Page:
Institute – link

The WWU Münster is one of the largest research universities in Germany and hosts one of the largest departments of physics in Germany with over 3,000 students. WWU is part of the German U15 universities and ranked consistently one of the top research institutions in the country.

The University of Münster is home to ten Leibniz Prize winners. The University’s excellent research quality is further underscored by seventeen ERC Grants (Starting, Consolidator and Advanced) and six Max Planck Research Awards.

A particular focus area at WWU are the nanosciences and nanotechnology. In the last 5 years significant investments and new buildings have been procured to strengthen nanoscale research, including one of the first nanotechnology institutes in Germany, the Center for NanoTechnology (CeNTech), the battery research institute MEET and the new Center for Soft Nanoscience (SoN), to be completed 2017. These independent facilities foster primarily interdisciplinary research.

Physics in Münster focusses its activities on five innovative areas of actual top level research in ten experimentally and theoretically oriented institutes, covering nanophysics, applied physics, non-linear physics, nuclear physics and geo-physics. In the Physics Institute (PI) 12 research groups in theory and experiment focus on nanophysics and surface science. More than 140 graduate students are currently hosted by the PI.

The group of W. Pernice within the PI is concerned with the investigation of responsive nanosystems and photonic circuits. A particular strength of the group are tunable and hybrid photonic devices, including waveguide integrated phase change material components. The group has also pioneered the fabrication and characterization of nanophotonic waveguide based single photon counters and their integration into quantum photonic devices. Through high-resolution lithography advanced functional photonic circuits are routinely fabricated in a wide range of materials with broad applicability, with emphasis on scalability and large area coverage. In particular hybrid approaches for integrating unconventional functional elements into otherwise passive devices are developed. These include optomechanical circuits, carbon-nanotube based photonic components as well as diamond nanophotonic systems. Various approaches for reconfigurable and tunable nanophotonic systems are developed in the group.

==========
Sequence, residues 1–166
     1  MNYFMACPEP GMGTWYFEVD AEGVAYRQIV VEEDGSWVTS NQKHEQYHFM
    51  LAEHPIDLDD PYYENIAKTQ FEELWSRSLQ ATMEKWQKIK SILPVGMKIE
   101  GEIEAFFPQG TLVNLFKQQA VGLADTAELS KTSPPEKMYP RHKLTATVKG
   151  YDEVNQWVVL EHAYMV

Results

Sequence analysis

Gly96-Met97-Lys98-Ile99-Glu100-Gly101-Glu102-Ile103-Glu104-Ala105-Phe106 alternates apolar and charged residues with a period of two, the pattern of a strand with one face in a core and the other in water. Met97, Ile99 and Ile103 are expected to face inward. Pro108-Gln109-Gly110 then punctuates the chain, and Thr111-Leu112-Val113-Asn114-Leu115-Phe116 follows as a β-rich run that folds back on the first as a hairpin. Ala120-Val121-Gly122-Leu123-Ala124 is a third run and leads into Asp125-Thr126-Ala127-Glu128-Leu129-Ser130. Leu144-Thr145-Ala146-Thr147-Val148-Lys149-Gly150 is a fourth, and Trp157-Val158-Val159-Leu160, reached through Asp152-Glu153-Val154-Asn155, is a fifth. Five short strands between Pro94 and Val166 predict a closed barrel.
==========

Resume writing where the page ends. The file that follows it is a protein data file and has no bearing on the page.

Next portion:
People – link

  • Prof. Wolfram H. P. Pernice is a full professor of Physics at WWU since 2015. He is deputy director of the Physics Institute (PI) and managing director of the Münster Nanofabrication Facility (MNF). Prior to joining WWU he lead an independent research group at the Karlsruhe Institute of Technology (KIT), funded through the prestigious Emmy-Noether Programm of the German Science foundation (DFG). W. Pernice carried out postdoctoral work on Optomechanics and Quantum Photonics at Yale University, supported by a Feodor-Lynen Fellowship of the Alexander-von-Humboldt Foundation. He received his PhD from the University of Oxford in 2007 and a Diplom in Microsystems Engineering from the University of Freiburg in 2004. W. Pernice was awarded an ERC Consolidator grant in 2016. He is a member of the German Young Academy of the Berlin-Brandenburg Academy of Sciences and Humanities and the German National Academy of Sciences Leopoldina. Within the Fun-COMP consortium Prof. Pernice holds long-standing collaborations with C.D. Wright at Exeter at H. Bhaskaran at Oxford.
  • A PhD student Anna Ovvyan will also participate in waveguide fabrication and design in the project. A. Ovvyan also joined WWU in 2016 and is funded through the Erasmus Mundus PhD program. She is very experienced in nanofabrication and will be responsible for e-beam lithography at WWU.
  • In addition, Ms. Lin Jin  will take up PhD studies at WWU in October 2017 and support the project. She graduated from Karlsruhe Institute of Technology, also with a prestigious fellowship by the Erasmus Mundus program. Ms. Jin holds a first class degree from East China University of Science and Technology (ECUST) and is currently working in the research group of W. Pernice on phase-change photonics